5. Support sustainable start-up food businesses

Part 11 (Section 140) of the Community Empowerment (Scotland) Act 2015 allows local authorities to grant relief to any type of ratepayer and/or for any reason, as they see fit, provided that these comply with state aid rules. Relief can be granted to a sole property, a street, a town centre or a particular type of business or sector. Section 140 of the Act came into force on 31 October 2015 through The Community Empowerment (Scotland) Act 2015 (Commencement No. 1) Order 2015. The local authority must fully fund the relief itself.

6. Protect and/or re-establish vital food infrastructure

CAMRA have piloted work on how the Sustainable Communities Act can be used to save community pubs from being converted to supermarkets.

Mapping Local Food Webs Toolkit helps you to establish the connections in the food chain and to highlight their importance to your local community and economy.

Tescopoly is an alliance working to limit the negative impact of supermarkets on communities, small businesses and the environment.

7. Help producers connect better with local consumers

BigBarn's mission is to give farmers a better deal and consumers access to fresher, cheaper food by fostering more direct trading relationships.

The Community Supported Agriculture (CSA) Network UK brings together CSA groups and enterprises across the UK.  

Farm Drop is a flexible online platform that connects growers and customers to ensure a fair price for both producers and consumers.

Farmhopping is a new platform set up by a group of small sustainable farms to provide customers with a new way of buying their food.

Food Assembly is digital platform where consumers can get together to buy directly from local farmers and food makers.

Open Food Network is a not-for-profit co-operative of food enterprises offering the only open source online system to connect producers and shoppers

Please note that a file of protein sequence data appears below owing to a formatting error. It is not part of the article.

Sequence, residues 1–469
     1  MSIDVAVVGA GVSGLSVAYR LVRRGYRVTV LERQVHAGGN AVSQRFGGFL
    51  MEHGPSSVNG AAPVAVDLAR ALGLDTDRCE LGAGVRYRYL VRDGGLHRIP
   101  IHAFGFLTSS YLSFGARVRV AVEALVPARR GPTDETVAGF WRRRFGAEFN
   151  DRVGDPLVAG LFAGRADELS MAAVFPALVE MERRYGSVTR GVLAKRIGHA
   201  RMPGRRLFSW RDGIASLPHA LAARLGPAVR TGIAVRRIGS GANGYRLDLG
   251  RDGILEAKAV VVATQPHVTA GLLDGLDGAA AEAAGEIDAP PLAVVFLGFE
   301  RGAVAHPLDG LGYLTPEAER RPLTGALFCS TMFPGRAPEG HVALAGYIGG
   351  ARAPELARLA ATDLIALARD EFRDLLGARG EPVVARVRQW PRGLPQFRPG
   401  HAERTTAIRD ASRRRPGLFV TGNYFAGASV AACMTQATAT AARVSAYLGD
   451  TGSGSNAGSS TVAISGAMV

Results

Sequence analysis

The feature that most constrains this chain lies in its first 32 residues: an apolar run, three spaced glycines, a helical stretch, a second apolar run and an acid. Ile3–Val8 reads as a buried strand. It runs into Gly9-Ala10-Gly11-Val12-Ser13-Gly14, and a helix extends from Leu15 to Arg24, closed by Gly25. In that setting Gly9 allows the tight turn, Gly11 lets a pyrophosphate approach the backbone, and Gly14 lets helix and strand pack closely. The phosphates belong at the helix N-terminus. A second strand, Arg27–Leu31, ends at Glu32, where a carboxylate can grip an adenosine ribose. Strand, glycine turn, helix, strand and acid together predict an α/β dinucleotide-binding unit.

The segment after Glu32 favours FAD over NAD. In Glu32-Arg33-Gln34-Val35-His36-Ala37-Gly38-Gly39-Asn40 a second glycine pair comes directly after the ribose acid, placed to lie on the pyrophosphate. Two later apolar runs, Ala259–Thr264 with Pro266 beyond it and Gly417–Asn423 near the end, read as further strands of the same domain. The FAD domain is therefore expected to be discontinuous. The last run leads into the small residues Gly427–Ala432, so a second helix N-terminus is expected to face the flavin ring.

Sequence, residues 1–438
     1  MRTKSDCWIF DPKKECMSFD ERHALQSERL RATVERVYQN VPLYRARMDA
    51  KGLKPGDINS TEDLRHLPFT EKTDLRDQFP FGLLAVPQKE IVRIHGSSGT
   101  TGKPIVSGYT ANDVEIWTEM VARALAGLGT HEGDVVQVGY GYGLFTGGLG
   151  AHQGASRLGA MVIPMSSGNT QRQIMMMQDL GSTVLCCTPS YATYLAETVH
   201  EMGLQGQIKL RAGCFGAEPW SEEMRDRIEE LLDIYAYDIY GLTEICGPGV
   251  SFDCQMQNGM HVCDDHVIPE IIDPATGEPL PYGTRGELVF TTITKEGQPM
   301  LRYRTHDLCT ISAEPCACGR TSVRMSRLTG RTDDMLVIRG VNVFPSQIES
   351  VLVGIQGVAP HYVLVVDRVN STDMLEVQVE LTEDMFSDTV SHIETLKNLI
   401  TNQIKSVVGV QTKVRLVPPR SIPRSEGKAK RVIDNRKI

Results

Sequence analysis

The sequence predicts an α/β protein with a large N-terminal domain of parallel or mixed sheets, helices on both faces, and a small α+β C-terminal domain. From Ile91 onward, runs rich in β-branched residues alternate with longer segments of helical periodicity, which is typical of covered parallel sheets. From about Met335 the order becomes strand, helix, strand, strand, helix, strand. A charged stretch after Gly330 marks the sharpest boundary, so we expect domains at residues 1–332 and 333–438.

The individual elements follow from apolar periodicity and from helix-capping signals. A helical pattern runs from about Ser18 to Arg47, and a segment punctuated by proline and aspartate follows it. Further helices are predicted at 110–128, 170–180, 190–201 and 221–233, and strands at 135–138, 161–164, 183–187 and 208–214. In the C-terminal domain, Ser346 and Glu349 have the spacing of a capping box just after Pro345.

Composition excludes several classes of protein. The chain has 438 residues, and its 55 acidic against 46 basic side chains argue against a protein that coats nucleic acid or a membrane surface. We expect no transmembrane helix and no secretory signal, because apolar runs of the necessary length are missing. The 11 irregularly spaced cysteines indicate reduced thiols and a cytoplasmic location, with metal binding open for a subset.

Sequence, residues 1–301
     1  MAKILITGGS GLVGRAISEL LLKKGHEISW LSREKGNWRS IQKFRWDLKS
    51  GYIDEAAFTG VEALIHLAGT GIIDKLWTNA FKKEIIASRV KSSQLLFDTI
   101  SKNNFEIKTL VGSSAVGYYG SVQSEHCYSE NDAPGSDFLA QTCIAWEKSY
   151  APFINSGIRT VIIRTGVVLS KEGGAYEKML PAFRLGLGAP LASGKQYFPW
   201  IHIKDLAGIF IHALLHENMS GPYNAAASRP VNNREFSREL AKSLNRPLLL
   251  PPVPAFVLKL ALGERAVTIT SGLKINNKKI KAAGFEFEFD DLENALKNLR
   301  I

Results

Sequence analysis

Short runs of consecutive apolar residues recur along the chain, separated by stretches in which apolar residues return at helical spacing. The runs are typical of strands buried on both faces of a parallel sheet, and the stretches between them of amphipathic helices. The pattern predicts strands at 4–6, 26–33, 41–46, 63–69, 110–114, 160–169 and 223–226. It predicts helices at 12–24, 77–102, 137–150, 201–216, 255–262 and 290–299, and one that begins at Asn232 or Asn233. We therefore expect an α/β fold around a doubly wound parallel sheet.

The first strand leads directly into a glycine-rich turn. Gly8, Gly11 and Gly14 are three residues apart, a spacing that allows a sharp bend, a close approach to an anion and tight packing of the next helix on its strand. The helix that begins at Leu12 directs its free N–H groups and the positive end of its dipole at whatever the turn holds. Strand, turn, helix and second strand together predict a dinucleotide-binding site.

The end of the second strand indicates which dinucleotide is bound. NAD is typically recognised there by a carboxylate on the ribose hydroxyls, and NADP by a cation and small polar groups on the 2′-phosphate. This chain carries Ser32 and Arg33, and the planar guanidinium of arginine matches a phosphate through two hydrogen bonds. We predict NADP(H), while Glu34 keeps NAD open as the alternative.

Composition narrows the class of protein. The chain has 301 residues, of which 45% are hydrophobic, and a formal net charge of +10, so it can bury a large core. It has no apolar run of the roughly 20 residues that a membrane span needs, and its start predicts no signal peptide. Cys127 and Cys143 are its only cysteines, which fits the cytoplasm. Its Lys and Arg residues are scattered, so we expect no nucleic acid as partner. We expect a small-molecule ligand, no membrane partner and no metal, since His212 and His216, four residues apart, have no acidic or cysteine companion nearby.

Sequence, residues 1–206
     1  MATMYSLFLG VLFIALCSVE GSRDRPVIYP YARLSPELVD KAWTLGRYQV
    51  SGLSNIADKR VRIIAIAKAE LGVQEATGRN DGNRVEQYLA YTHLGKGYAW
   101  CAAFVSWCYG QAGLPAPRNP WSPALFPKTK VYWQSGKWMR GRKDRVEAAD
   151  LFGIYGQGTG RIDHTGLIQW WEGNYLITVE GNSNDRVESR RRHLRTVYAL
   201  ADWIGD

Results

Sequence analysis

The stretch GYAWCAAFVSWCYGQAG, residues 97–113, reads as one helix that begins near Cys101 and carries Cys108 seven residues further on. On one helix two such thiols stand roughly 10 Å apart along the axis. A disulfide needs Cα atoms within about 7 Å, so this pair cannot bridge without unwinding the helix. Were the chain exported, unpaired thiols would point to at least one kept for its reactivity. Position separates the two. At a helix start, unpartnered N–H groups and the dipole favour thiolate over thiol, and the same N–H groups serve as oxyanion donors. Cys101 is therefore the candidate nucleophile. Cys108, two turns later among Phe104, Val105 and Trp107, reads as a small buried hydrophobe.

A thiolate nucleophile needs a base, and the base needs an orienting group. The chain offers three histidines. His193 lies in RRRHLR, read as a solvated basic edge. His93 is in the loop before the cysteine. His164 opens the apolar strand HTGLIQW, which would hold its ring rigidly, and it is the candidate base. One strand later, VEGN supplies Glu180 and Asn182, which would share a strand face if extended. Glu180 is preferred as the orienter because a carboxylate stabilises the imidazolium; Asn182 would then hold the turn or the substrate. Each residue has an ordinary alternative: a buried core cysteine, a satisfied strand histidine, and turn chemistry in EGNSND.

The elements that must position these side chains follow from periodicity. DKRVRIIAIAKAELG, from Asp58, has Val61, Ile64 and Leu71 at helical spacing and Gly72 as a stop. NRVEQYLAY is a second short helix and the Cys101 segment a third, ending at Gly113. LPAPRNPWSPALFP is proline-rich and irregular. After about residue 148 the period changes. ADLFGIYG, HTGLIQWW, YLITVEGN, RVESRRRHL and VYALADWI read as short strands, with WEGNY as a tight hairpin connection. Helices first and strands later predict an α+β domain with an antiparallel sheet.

Rural Regeneration Unit has formed many community food co-operatives across the UK and links these co-ops with local growers and suppliers.

Soil Association has an extensive network of more than 100 farms across the UK who run special visits, open days and other public activities.

Sustain holds a list of regional and national software systems that can be used to sell local produce.  

8. Help restaurants to become more sustainable

City and Guilds offers qualifications for chefs who want to integrate sustainability into professional kitchens, including waste management and food sourcing.

Public Health England’s Strategies for Encouraging Healthier ‘Out of Home’ Food Provision toolkit assists local authorities across England in working with smaller food outlets, such as takeaways, restaurants, bakers, corner shops, leisure centres, children’s centres and nurseries, to help them offer healthier food and drinks.

Recipe for a Greener Curry makes recommendations for how ethnic businesses can celebrate and serve sustainable food.

SusCooks Training for Sustainable Cooking is an EU-funded e-learning course providing practical support and guidance to chefs and public sector caterers wishing to adopt more sustainable practices in the planning, procurement, preparation and promotion of their activity.

Sustain's Good Food Guide aims to provide advice on how to introduce simple sustainable practices within established restaurants, cafés and catering businesses. 

Sustainable Restaurant Association helps restaurants improve their overall sustainability and has an on-line directory of sustainable product and service suppliers.

Contacts

Leon Ballin
Sustainable Food Cities
lballin@soilassociation.org

Sustainable Food Cities is a partnership programme run by

Soil Association
www.soilassociation.org


Food Matters
www.foodmatters.org


Esmée Fairbairn Foundation
Sustainable Food Cities is funded by the Esmée Fairbairn Foundation www.esmeefairbairn.org.uk